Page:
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Government Urged to Address Specific Education Issues in the North


2005-04-28 19:32:45
This article has been read 724 times.

A coalition of non-governmental organisations (NGOs), engaged in education development, has appealed to the Government to address specific issues hampering educational pursuit in Northern Ghana.

The coalition noted that about 30 per cent of children in Northern Ghana were not in school while the school drop out rate of girls was still high.

Poverty was also endemic forcing some parents to withdraw their wards from school.

There are indications that Northern Ghana is painfully missing the "Millennium Development Goals", because the gender disparity in primary and universal basic education by 2015 has not been addressed. These concerns were raised at a "Global Week of Action on Education" forum at Fooshegu, near Tamale, on Tuesday. ActionAid Ghana, in collaboration with other NGOs including the Northern Network for Education Development, SEND Foundation, ISODEC, Ibis and Oxfam, organized the forum, which was on the theme: "Educate to end poverty".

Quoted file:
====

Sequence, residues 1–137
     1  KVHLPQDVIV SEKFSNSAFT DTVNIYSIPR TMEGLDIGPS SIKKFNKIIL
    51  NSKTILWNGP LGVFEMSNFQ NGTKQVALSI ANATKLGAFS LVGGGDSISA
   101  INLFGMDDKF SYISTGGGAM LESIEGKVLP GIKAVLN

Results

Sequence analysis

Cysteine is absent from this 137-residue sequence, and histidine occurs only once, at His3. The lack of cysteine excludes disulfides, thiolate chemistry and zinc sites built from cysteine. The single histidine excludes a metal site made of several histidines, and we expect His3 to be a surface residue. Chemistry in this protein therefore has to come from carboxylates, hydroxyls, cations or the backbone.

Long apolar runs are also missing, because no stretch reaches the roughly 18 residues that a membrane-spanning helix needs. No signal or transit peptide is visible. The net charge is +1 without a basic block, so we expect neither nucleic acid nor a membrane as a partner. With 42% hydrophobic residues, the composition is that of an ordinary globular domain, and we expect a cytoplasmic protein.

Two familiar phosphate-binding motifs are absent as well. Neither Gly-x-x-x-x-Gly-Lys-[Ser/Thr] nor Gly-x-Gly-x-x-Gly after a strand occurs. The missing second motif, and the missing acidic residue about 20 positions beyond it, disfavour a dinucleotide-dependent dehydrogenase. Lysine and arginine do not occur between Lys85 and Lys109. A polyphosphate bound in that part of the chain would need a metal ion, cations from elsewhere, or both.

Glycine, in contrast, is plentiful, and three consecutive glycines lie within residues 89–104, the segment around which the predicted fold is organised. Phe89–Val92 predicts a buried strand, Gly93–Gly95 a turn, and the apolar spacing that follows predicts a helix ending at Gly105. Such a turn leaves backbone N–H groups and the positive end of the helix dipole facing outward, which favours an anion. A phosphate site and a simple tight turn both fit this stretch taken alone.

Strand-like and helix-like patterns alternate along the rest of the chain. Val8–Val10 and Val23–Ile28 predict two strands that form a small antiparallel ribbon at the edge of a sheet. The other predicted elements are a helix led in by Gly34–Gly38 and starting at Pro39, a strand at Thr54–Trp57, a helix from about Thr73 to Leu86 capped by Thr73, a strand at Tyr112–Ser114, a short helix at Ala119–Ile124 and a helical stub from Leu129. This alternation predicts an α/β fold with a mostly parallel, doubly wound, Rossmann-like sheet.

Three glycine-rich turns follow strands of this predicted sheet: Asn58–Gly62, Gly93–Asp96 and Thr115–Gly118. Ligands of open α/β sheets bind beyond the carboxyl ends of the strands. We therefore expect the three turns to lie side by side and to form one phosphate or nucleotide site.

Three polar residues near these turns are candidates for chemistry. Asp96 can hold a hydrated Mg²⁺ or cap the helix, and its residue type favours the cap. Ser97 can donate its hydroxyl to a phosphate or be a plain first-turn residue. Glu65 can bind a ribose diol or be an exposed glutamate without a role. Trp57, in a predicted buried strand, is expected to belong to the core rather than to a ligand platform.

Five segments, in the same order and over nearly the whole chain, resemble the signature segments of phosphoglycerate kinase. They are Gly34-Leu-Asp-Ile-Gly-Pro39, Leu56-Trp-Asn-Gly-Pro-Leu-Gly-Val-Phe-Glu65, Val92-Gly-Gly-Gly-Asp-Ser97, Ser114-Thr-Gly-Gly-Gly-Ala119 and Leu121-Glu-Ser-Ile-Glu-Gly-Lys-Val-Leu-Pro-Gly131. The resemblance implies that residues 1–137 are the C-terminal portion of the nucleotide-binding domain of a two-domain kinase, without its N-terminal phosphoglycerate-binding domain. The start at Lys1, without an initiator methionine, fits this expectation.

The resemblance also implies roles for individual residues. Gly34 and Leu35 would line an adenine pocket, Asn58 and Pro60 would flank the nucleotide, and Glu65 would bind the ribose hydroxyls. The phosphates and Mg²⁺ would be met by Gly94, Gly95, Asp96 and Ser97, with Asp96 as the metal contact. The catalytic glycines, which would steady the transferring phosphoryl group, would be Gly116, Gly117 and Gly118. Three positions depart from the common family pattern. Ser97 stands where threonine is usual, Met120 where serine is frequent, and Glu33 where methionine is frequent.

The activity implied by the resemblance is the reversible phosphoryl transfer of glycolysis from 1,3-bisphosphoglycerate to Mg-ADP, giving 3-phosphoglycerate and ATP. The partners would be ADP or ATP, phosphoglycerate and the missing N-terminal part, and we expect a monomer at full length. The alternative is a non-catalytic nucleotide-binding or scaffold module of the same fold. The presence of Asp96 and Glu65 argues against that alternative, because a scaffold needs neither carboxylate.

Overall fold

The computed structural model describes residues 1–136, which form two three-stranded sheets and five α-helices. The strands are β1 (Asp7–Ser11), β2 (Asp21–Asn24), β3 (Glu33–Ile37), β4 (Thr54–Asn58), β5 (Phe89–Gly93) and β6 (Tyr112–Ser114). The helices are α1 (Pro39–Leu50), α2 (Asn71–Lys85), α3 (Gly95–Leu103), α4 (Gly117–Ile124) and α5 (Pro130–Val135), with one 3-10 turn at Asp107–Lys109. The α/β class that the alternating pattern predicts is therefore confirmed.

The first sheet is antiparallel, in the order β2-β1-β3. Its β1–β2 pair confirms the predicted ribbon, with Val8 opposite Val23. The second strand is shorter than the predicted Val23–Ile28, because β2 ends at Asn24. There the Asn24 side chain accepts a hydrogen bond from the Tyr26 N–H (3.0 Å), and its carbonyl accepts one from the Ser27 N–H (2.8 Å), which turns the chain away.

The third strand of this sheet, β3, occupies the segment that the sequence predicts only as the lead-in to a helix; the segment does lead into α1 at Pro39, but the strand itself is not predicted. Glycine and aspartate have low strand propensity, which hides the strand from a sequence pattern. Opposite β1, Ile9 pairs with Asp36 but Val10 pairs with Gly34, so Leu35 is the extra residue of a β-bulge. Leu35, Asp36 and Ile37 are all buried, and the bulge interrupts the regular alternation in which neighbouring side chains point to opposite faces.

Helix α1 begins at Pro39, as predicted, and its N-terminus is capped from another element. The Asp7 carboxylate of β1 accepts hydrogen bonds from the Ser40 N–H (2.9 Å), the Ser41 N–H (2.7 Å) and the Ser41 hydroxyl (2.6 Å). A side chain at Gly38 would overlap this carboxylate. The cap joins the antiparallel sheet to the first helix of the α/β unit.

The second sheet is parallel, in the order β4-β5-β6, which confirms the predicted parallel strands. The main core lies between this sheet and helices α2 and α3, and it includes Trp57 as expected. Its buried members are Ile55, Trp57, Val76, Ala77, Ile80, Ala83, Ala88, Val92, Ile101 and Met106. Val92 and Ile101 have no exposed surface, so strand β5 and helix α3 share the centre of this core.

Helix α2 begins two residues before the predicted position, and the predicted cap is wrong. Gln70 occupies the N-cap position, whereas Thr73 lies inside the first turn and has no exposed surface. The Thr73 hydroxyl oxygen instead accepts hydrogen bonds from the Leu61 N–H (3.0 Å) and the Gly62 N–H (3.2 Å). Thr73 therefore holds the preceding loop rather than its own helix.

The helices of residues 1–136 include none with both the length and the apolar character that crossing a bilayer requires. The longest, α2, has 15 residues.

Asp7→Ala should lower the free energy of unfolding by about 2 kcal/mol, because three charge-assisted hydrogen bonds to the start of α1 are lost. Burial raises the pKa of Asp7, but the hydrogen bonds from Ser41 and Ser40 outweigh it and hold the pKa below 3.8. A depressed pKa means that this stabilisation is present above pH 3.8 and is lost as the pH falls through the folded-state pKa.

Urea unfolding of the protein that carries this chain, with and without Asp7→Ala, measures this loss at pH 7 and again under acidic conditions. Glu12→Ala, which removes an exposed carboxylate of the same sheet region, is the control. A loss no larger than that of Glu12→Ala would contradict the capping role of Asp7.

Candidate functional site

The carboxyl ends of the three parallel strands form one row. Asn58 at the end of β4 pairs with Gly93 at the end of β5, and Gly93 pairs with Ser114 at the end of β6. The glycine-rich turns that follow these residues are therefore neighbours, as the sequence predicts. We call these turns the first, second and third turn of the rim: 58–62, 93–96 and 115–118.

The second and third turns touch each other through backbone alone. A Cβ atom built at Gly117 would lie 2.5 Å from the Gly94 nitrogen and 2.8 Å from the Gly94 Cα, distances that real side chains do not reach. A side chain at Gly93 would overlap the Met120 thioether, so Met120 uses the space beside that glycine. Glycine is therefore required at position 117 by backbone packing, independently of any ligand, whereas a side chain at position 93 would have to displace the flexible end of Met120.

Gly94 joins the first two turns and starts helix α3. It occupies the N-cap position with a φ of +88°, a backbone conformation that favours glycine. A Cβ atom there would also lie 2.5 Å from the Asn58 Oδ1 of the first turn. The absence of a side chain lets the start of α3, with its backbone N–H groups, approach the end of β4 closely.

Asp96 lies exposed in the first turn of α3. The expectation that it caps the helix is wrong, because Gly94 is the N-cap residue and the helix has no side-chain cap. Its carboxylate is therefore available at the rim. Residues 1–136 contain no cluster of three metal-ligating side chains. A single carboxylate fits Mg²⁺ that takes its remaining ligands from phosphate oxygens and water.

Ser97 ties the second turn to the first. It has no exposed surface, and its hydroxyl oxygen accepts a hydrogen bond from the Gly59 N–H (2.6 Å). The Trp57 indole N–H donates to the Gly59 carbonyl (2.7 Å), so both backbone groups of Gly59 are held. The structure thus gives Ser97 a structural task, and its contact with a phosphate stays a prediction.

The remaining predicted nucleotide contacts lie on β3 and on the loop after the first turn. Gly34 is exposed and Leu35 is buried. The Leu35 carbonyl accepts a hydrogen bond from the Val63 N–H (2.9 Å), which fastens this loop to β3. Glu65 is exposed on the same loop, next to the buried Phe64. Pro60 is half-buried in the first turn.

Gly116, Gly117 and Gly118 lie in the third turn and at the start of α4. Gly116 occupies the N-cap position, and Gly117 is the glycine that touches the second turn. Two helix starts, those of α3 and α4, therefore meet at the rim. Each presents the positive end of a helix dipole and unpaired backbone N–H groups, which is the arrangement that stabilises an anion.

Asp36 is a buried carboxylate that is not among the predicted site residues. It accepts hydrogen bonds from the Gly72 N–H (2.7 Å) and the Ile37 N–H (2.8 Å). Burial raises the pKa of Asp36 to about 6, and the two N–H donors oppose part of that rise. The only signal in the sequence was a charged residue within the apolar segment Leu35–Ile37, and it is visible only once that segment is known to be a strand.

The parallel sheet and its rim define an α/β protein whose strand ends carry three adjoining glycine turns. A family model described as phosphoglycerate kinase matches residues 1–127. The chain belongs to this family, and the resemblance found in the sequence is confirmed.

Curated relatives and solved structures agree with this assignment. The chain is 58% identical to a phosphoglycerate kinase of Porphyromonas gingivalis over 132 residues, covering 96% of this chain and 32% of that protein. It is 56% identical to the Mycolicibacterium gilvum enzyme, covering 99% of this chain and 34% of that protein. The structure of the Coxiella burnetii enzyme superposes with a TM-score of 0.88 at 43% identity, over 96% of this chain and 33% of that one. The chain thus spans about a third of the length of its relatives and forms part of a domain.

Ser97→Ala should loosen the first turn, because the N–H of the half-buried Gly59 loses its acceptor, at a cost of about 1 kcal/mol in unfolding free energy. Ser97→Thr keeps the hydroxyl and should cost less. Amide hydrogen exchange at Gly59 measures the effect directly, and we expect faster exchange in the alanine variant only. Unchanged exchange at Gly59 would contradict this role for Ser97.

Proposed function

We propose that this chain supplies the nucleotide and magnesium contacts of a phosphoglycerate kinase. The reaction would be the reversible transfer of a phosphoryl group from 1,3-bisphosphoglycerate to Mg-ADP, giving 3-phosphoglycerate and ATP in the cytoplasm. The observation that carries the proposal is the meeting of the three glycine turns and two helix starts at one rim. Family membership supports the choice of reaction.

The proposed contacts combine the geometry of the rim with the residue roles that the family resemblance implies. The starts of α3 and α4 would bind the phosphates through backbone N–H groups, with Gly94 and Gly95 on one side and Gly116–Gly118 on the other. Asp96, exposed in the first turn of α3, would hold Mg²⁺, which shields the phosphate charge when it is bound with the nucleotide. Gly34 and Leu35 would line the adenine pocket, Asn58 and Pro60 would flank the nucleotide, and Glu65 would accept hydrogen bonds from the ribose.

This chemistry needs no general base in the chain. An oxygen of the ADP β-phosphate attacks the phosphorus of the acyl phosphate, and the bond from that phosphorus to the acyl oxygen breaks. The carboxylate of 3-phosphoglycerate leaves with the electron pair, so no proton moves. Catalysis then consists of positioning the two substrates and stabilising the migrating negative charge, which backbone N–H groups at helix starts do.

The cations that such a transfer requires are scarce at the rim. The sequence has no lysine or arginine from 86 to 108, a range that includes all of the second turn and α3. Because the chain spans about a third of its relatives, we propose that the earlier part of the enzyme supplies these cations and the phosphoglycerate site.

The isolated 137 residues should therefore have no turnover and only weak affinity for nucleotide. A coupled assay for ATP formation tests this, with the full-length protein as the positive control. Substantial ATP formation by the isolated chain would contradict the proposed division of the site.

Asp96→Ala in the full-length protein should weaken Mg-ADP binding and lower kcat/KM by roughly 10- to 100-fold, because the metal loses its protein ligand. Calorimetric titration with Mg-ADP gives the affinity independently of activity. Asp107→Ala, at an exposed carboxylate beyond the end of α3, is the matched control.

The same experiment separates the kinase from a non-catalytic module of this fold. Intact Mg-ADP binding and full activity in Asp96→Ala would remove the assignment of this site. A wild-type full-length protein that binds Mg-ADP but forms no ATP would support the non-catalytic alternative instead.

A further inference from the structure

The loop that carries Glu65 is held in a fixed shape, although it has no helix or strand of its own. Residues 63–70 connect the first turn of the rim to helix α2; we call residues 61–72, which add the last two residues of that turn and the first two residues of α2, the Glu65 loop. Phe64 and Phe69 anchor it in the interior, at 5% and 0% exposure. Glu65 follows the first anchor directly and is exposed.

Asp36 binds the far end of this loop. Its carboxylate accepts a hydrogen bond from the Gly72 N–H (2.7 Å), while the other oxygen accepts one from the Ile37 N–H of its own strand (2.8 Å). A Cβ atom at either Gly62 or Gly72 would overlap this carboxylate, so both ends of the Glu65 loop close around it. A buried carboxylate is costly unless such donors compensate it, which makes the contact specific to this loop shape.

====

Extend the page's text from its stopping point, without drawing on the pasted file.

The stakeholders will use the Week to among other things discussed the school drop out rate, low school enrolment and the introduction of community mapping to indicate the number of children who are in or out of school.

The NGOs noted that Northern Ghana could not afford to continue to lag behind in education.

"Universal quality basic education will help end poverty and empower women to support their families," the coalition said. The NGOs called on the Government to ensure that education was free at the basic level and provide children in rural communities with school infrastructure under the "Education Strategic Plan". The provision of mid-day meal for every basic school pupil and scholarship for needy students in the North should be encouraged. Some parents from the Fooshegu community complained of poor school structures, inadequate reading and learning materials and poverty as some of the constraints that had led parents to withdraw their children from school.

A community mapping of children in the village indicated that out of 292 children, only 66 were in school, creating a gloomy picture of the future of children in the North.

The mapping exercise was to help sensitise the community members to be conscious of the value of education and provide data on education for the purpose of campaigning for "Education for All" by the year 2015. It would also enable politicians and other people in decision-making positions to be committed to address educational challenges facing children, particularly girls in poor and rural communities.

Source: GNA

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